inasmuch as the Missouri bill passed in that State is made up of spurs of the Alleghanies, || guarded with regard to the rates of payment of and consequently is a succession of high ridges, these troops, so as to bring it within military | way, and it will be nothing more than just to perhaps from one end of the State to the other. rules and the rules of the Department.
submit these claims to the same scrutiny, I The people of that country, accustomed to
Mr. VAN WINKLE. The sum that has been
will offer an amendment to insert after line
five of section five these words: these mountain paths, find their way in them | paid to these companies is but thirteen dollars at any time; but the service that was neces- month. That is to pay them for their time.
Who shall cause the same to be examined by the
proper accounting officers of the Treasury, and said sary there to protect the borders from invasion Then there is a small charge, not amounting to officers shall audit the accounts as in ordinary oases. was a very unwilling service on the part of | $5,000, for subsistence furnished by the State
So that the section will read : other troops who were called on to perform it. to these troops. Then there is a charge for a
That so soon as said commissioner shall have made The fact is they were in great danger of their company which, while drilling for the first time,
up said account and ascertained the balance, as hercin lives. They were in danger of being lost in I believe, were surprised and carried off-sixty- directed, he shall make written report thereof, showthe mountain paths, and by the peculiar knowl- | eight in number, of whom forty-five perished in
ing the different items of expenditure, as hereinbe
fore stated, to the Secretary of the Treasury, who edge of those to whom they were opposed in the prisons of the South. The State paid those
shall cause the same to be examined by the proper such a country they were in more danger than men from the time of their capture until their accounting officers of the Treasury, and said officers men would be under ordinary circumstances. death or release from captivity at the same rate,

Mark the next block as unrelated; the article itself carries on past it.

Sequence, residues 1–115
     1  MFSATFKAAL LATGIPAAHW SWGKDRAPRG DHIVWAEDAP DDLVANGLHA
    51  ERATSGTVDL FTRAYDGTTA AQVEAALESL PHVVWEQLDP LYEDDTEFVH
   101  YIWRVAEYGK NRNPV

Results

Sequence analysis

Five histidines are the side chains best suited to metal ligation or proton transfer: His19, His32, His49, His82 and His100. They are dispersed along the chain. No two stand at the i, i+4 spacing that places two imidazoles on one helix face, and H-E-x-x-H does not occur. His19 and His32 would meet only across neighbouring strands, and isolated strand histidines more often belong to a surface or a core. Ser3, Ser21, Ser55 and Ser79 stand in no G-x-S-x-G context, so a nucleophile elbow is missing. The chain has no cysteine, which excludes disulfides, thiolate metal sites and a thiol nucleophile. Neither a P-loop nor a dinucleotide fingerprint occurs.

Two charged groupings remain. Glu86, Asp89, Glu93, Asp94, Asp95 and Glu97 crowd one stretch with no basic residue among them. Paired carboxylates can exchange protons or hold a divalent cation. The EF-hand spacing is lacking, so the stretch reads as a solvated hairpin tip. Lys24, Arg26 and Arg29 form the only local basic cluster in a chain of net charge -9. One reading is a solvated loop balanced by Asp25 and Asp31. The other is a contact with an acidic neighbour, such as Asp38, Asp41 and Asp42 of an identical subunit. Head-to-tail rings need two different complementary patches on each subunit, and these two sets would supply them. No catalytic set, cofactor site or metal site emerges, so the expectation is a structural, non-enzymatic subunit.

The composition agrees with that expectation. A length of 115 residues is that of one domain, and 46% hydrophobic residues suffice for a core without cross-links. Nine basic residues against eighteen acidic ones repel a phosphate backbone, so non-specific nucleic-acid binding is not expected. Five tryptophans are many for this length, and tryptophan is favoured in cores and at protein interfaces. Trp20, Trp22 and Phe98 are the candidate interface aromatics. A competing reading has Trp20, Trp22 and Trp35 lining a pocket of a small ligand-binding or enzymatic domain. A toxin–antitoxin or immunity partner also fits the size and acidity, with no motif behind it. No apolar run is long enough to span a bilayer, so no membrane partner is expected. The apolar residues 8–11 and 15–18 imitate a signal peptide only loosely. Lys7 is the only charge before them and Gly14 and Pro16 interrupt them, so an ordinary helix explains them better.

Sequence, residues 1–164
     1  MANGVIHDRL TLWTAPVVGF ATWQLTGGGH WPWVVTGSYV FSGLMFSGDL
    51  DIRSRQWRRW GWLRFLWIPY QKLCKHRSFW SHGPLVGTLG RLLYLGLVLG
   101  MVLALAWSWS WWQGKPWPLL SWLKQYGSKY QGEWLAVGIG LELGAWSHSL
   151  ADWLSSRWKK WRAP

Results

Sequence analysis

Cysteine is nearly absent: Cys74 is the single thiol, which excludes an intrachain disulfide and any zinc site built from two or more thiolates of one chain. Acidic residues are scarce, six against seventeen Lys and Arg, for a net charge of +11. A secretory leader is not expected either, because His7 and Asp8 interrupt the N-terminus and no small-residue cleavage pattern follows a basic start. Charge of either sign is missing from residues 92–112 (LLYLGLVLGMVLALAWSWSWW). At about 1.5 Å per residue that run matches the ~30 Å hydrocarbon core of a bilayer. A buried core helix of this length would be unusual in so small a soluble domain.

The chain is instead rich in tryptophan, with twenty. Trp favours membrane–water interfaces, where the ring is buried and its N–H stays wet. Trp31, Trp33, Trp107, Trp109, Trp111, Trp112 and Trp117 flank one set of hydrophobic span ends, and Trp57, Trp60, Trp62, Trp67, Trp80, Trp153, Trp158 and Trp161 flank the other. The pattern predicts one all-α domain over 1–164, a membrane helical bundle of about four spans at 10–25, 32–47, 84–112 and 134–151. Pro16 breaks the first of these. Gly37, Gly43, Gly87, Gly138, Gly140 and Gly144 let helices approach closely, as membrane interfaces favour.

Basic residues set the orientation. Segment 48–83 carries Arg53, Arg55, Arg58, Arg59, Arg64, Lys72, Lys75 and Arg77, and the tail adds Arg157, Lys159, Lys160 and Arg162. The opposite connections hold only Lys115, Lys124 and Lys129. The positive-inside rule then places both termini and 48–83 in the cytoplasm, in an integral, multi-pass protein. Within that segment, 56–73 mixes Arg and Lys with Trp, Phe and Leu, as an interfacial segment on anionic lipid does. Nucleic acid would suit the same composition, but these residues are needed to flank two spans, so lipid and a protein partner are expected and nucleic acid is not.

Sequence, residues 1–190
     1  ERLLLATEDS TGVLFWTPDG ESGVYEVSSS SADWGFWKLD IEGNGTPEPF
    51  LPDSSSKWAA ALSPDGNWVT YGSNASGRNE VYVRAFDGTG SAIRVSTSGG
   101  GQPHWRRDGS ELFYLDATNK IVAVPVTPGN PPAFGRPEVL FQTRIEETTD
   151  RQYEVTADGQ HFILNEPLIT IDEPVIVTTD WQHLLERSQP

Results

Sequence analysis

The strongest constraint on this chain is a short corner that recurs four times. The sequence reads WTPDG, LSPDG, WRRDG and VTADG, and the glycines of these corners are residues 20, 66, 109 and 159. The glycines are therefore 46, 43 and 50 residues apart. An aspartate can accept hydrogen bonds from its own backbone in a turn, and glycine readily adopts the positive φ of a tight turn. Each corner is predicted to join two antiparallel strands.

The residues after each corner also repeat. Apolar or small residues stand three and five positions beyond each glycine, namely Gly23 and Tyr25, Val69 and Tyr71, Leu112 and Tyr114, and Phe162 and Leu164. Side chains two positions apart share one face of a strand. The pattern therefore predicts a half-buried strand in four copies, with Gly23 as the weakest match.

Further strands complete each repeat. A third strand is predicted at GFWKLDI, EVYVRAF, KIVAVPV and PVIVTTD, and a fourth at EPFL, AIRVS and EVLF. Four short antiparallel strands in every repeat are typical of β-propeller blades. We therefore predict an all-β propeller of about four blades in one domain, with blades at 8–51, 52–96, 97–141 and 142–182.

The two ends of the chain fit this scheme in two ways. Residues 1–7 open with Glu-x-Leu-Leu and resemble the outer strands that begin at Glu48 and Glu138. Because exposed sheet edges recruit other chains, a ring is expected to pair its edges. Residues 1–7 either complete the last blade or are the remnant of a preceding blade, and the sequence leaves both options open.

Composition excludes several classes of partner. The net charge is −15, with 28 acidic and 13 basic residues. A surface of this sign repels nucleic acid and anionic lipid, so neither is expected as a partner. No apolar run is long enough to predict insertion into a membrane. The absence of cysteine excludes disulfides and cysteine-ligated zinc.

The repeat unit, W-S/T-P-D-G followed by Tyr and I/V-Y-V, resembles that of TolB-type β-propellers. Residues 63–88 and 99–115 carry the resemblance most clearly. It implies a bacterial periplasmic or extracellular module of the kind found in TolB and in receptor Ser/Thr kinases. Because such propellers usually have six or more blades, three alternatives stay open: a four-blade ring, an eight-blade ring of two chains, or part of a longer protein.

shall audit the accounts as in ordinary cases, and if These independent companies, therefore, were --thirteen dollars a month.
from said report it sball appear that any sum remains
due to the said State, ho shall draw his warrant for raised for this service. They took charge mainly
Mr. FESSENDEN. The Senator did not the same, payable to the Governor of said State and of the frontier. They kept the State from understand me. I inquired if there was any
deliver it to him. being invaded and the property of everybody | provision by which the rates would be brought Mr. VAN WINKLE. I accept the amendplundered and carried off, and they were also, within the principles established by the War ment. as is fully stated in the papers, of immense ser- Department.
Mr. DOOLITTLE. I suggest that the lanvice to the regular United States troops, in
Mr. NESMITH. With the permission of guage should be," in ordinary cases as if the acting as scouts and furnishing them informa- the Senator from West Virginia, I will state same troops had been mustered into the sertion.
that the fourth section of the bill provides vice of the United States." It is proper to state, also, that the Govern- That in the adjustment of accounts under this act, Mr. HENDERSON. There is no necessity ment were hardly, at any time during the war,
the commissioner shall not allow for any expenditure for that. The Senator will see in the second able to furnish us sufficient troops for our pro
or compensation for service at a rate greater than was
at the time authorized by the laws of the United States section that it is sufficiently guarded in that tection, and that these troops were raised for in similar cases.
point. There can be no allowance under this that purpose. It is within my personal knowl- That fixes the amount in relation to that. bill for troops that were not called out by the edge that owing to some exigency arising in Then the third section provides:
United States commanders, or did not perform the military service elsewhere the troops were
That in making up said account, for the conven